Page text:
M6 Junction 10
Walsall Council is working in partnership with Highways England to improve Junction 10 of the M6.
As a busy route between Walsall and Wolverhampton, the junction is often heavily congested. This impacts on local residents and businesses, and has reduced the attractiveness of the local area for investment, including the nearby Black Country Enterprise Zone.
Plans include the widening and redevelopment of two bridges and improvement of the junction.
Traffic management was required to access the locations and potential weather effects on the slopes could have made in-situ data reading difficult. As the piezometer installation was split across both sides of the carriageway, data download could also have been very time-consuming.
Selection of a wireless system avoided any impact from these site-specific problems. The client was impressed with the range of the system even when the nodes were housed inside locked upright security covers.
M6 Junction 10 Case Study
Mersey Gateway Project
The Mersey Gateway brings much-needed traffic relief for the existing Silver Jubilee Bridge and leads the infrastructure investments required to deliver regeneration of Halton and the North West.
More than 80,000 vehicles use the Silver Jubilee Bridge every weekday – ten times the number it was originally designed for. This extra traffic puts the congested and ageing Silver Jubilee Bridge and the resilience of the regional road network under severe pressure.
The new bridge is designed to carry up to six traffic lanes forming part of a new and improved high standard road (9.5km long) connecting north Widnes and Merseyside with Runcorn and the national motorway network in north Cheshire.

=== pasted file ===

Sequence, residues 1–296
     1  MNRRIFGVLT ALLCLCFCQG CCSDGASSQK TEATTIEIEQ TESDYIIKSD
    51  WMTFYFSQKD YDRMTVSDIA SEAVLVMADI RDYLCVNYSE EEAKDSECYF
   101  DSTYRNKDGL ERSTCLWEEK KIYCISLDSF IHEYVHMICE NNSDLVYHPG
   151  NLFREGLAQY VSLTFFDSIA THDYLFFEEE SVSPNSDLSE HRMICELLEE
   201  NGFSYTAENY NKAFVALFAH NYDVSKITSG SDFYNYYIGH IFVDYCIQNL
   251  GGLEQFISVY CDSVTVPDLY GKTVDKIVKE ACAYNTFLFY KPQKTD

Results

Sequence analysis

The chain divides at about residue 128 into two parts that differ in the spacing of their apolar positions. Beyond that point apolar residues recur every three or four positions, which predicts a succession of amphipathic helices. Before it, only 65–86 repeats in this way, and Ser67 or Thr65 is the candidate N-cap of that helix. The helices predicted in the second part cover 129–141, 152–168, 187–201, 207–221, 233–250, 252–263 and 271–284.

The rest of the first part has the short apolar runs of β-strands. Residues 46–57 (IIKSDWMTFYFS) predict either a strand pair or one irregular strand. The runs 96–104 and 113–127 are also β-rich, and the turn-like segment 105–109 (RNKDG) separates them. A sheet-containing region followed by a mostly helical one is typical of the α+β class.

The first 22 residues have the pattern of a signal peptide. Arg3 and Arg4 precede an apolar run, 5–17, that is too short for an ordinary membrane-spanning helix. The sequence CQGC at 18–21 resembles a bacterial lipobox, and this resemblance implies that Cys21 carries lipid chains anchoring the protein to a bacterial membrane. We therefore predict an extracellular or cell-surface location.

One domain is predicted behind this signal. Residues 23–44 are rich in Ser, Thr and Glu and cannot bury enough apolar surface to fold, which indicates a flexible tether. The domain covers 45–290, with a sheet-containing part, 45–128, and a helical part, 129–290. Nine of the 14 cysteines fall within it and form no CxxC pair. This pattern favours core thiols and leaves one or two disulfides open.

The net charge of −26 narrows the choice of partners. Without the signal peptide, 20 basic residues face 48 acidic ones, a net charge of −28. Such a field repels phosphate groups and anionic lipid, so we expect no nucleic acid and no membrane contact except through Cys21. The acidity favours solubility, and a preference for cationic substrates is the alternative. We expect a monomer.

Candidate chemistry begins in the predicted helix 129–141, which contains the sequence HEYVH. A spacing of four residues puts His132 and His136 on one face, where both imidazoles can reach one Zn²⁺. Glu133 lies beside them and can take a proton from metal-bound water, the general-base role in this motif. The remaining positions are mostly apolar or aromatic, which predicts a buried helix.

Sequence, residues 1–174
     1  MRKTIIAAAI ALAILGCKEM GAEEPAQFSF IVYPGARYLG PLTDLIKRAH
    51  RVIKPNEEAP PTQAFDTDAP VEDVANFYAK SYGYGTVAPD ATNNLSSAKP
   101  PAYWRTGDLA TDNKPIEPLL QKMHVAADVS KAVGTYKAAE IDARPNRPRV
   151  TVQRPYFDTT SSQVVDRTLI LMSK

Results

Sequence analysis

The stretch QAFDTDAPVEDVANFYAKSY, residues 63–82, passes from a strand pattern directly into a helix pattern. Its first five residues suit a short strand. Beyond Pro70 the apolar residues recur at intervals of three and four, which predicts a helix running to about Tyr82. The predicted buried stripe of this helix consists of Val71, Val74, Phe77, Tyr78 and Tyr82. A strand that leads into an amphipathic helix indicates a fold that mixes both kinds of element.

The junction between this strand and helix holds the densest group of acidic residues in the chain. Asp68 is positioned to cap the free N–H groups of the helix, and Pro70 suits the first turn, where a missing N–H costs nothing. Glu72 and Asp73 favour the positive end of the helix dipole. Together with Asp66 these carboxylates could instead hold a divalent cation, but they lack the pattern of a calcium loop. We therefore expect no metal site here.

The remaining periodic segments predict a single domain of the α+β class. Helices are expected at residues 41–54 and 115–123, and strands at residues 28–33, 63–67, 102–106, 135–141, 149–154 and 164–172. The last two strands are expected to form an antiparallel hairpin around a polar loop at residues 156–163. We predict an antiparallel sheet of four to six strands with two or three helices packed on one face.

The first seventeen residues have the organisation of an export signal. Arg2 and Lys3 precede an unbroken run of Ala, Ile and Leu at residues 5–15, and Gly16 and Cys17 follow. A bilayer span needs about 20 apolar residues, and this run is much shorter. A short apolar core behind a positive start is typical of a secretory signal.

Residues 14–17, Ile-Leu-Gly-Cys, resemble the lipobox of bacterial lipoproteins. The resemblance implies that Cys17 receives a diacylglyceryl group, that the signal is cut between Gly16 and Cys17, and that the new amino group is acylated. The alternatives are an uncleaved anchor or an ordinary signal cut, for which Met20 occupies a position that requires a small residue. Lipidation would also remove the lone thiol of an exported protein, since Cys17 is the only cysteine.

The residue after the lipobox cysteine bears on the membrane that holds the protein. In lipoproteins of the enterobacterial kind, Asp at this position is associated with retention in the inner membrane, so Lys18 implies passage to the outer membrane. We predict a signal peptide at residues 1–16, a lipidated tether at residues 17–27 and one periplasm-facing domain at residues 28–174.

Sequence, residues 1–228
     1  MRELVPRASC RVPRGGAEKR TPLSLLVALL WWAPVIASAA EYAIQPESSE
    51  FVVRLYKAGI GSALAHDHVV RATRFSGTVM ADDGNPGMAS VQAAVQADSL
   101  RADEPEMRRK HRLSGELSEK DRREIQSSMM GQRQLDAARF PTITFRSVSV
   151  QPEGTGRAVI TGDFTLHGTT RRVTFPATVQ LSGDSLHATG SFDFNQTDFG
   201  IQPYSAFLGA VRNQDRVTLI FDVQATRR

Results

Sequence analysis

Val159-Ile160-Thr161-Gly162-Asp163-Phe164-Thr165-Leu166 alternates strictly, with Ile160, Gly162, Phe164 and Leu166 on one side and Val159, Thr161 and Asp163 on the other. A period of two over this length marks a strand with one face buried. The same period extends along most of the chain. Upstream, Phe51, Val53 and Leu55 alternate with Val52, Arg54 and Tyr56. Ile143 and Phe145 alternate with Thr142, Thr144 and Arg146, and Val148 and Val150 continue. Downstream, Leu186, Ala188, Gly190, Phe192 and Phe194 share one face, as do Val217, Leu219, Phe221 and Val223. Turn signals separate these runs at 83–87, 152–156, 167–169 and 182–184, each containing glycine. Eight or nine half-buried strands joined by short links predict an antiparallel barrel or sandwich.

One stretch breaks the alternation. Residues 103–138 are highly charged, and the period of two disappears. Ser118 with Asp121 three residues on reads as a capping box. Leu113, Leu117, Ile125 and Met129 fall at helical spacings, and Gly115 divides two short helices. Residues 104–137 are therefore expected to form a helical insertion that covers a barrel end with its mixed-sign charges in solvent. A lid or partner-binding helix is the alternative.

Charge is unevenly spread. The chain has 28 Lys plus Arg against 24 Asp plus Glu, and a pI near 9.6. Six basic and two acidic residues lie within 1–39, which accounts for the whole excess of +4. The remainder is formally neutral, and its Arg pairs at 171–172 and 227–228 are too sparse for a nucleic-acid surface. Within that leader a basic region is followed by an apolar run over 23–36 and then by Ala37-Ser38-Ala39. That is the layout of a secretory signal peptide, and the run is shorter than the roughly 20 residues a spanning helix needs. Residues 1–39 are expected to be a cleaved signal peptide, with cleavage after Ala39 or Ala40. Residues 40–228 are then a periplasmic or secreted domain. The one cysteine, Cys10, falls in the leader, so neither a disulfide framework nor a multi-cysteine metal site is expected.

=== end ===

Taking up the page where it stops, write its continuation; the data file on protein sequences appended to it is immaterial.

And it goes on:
The design of the new Mersey Gateway Bridge is based on a cable-stay structure similar to the second Severn Crossing, but with three towers. It will be 2.3km long with a river span of 1km. The main bridge deck will be made from reinforced concrete and the spans will be supported by steel cable stay.
Mersey Gateway Project Case Study
River Humber Gas Pipeline Replacement Project
Work has been carried out on a £100m project to create a tunnel under the River Humber to carry one fifth of the UK’s gas supply to millions of homes.
The three-mile tunnel houses a new gas pipeline running between Goxhill in North Lincolnshire and Paull in East Yorkshire and was expected to take a year to build. National Grid needed to replace the current pipeline, which is in a trench just below the river bed and is at risk of being exposed by the tides.
The crown of the TBM passed 7m underneath an existing in-service gas pipe, approximately 10” in diameter and a few hundred meters from the reception shaft on the Paull side. On this existing gas pipe in-service, three spots were monitored for changes in strain as the pipe falls in the zone of influence of the TBM.
River Humber Gas Pipeline Replacement Project Case Study